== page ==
Eating well includes eating the colours of the rainbow, according to nutritionists. The dark purple foods on that colourful spectrum have a rich concentration of healthy antioxidants and vital flavonoids.
The colour purple in these foods comes from the natural plant pigments called anthocyanins. These are powerful antioxidants that work hard to protect cells from damage by free radicals.
Among the purple vegetables available, possibly the first to come to mind is aubergine. But also available are purple carrots, purple cabbage, purple peppers and purple-fleshed potatoes. Look in the right places (farmers’ markets or specialty food stores) and you might even find purple Belgian endive, purple olives or purple asparagus.
Legumes and grains
You can also find purple legumes and grains, including climbing beans that sport purple pods, purple corn, purple quinoa and purple rice.
By far the best represented foods in the purple colour spectrum are fruits. The list is deliciously endless and includes purple grapes (and raisins), figs, passion fruit and plums (and prunes). Add to this the long list of berries that cloak themselves in this rich colour, including blackberries, blueberries, elderberries, cranberries, chokeberries and bilberries—and acai berries.
One of the most interesting of these purple berries, the acai berry (pronounced ah-sigh-ee) from South America, is the fruit of the palm tree Euterpe oleracea and grows in the rich, dark organic soils of the Amazon River Basin in Brazil.
The concentration of antioxidants in the acai berry is reported to be considerably higher than those found in red wine. The anthocyanins found in acai berries offer protective benefits to the cardiovascular system, digestive organs, brain, blood, cells and tissues, as well as exhibiting strong anti-inflammatory and antiageing properties.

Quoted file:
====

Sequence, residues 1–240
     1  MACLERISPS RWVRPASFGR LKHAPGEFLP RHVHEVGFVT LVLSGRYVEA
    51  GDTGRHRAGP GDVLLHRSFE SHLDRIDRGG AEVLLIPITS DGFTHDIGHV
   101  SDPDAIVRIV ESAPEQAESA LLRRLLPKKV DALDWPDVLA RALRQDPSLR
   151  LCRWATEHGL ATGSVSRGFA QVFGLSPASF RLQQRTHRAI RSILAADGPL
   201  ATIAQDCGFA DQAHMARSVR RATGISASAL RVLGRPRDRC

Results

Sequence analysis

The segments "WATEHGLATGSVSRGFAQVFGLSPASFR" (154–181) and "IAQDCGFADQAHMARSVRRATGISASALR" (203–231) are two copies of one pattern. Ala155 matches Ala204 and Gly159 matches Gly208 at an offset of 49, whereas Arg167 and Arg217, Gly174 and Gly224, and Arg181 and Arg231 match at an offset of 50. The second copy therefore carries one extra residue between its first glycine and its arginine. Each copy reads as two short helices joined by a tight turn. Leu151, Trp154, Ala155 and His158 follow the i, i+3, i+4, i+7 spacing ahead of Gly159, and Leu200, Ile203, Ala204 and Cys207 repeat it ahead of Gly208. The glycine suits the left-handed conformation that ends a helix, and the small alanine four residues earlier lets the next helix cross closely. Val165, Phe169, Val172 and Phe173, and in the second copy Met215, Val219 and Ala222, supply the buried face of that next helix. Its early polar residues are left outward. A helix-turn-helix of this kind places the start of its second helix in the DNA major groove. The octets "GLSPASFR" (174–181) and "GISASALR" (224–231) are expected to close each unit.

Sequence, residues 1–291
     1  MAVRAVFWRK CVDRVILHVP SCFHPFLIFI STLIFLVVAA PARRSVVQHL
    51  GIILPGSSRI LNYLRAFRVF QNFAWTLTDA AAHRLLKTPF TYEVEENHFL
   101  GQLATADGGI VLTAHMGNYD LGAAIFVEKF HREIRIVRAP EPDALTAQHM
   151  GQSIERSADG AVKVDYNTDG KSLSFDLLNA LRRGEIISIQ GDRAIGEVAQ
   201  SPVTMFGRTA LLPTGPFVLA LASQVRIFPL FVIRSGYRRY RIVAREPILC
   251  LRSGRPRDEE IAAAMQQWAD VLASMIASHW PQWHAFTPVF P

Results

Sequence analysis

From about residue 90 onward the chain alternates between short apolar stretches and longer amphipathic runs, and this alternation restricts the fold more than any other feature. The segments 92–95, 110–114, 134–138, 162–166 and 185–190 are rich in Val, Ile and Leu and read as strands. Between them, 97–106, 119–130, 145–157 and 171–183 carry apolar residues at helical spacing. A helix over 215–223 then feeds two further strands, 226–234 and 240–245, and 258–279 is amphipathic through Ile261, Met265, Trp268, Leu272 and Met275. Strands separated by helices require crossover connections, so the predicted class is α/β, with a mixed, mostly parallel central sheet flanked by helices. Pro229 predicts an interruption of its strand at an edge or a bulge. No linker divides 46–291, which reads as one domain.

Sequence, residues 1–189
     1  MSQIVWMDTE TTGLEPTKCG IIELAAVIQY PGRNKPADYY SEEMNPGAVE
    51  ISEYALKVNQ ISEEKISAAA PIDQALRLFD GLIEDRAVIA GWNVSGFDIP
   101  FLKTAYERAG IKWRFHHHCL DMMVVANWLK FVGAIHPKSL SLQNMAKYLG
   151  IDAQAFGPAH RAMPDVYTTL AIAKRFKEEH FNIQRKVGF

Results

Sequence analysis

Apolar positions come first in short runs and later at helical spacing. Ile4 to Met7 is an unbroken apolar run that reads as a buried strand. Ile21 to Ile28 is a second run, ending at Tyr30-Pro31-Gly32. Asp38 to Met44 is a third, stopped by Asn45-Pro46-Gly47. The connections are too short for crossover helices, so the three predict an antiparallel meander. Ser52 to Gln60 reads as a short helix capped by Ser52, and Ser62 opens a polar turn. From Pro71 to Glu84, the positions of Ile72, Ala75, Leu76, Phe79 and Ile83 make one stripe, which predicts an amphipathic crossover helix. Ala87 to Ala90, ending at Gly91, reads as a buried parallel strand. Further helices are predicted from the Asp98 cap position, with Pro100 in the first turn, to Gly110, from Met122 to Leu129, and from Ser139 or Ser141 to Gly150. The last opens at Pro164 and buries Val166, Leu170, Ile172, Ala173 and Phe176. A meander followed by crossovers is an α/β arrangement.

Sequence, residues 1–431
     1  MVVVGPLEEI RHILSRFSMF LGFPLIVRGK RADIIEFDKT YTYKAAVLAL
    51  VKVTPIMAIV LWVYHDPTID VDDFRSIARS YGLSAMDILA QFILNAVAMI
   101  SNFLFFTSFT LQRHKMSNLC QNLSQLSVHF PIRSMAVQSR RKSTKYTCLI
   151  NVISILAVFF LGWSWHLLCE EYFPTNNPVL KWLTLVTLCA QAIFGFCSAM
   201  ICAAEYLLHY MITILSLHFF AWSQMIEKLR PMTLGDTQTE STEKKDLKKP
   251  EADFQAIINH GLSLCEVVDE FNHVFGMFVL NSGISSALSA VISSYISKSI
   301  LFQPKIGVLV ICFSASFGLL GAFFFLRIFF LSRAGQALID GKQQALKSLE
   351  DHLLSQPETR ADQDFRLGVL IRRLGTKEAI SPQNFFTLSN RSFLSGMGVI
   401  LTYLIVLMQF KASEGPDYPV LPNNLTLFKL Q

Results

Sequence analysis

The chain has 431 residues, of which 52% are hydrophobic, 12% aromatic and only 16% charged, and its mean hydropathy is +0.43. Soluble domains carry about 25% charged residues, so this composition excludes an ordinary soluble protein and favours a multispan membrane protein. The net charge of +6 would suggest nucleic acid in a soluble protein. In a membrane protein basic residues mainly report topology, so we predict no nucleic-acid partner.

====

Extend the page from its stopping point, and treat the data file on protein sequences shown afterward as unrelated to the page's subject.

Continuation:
Acai also contains amino acids, including phenylalanine, proline and glycine. Phenylalanine is crucial for brain and behavioural health and serves as a precursor to numerous neurotransmitters in the human body.
Proline is one of the main components of collagen, the connective tissue structure that binds and supports other tissues. Glycine is utilised in liver detoxification and is essential for the biosynthesis of nucleic acids and bile acids.
Acai is very similar to olive oil in fatty acid content. The berry contains 60 per cent oleic acid, an omega-9 monounsaturated essential fatty acid and 12 per cent linoleic acid, an omega-6 polyunsaturated essential fatty acid.
Essential fatty acids are crucial for human life and are responsible for hundreds of physiological processes in the human body including reproduction, fertility, inflammation, immunity and communication between cells.
Plant sterols found in the acai berry also enhance immune response by increasing T-cell division, enhancing secretion of lymphokines involved in cellular immunity and boosting the activity of cytotoxic cells (a key to fighting pathogens).
The acai berry also contains a full array of natural vitamins, minerals, trace minerals and significant amounts of dietary fibre. Most noteworthy, acai contains vitamins B1, B2, B3, C and E as well as potassium, calcium, iron, magnesium and phosphorus.